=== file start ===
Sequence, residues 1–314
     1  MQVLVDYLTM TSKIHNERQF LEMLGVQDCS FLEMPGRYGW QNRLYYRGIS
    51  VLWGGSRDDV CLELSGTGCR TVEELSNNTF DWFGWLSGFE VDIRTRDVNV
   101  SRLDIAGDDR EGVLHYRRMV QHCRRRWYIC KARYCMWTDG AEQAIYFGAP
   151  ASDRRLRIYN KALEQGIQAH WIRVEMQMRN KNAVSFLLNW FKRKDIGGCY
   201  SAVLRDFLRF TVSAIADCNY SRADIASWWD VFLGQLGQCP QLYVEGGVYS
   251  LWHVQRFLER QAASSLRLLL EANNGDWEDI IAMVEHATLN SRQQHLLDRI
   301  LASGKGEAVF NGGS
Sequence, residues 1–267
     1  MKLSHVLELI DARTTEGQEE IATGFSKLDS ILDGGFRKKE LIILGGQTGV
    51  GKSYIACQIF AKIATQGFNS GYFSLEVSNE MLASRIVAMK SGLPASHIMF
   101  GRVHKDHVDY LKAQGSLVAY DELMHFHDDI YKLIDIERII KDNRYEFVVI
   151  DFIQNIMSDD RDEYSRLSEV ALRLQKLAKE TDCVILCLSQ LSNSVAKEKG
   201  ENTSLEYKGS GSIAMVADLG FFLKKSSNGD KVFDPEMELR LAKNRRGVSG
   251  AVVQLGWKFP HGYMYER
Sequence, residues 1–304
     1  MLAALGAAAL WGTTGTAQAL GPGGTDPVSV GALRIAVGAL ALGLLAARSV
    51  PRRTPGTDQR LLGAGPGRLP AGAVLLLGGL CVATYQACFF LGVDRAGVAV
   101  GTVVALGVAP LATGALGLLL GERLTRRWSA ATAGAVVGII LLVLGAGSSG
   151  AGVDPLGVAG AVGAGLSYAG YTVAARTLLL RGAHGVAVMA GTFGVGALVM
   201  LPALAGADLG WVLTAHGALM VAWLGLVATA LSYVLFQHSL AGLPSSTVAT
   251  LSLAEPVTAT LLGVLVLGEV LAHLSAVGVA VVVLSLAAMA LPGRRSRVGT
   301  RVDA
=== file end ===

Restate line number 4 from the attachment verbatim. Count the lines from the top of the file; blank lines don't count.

   101  SRLDIAGDDR EGVLHYRRMV QHCRRRWYIC KARYCMWTDG AEQAIYFGAP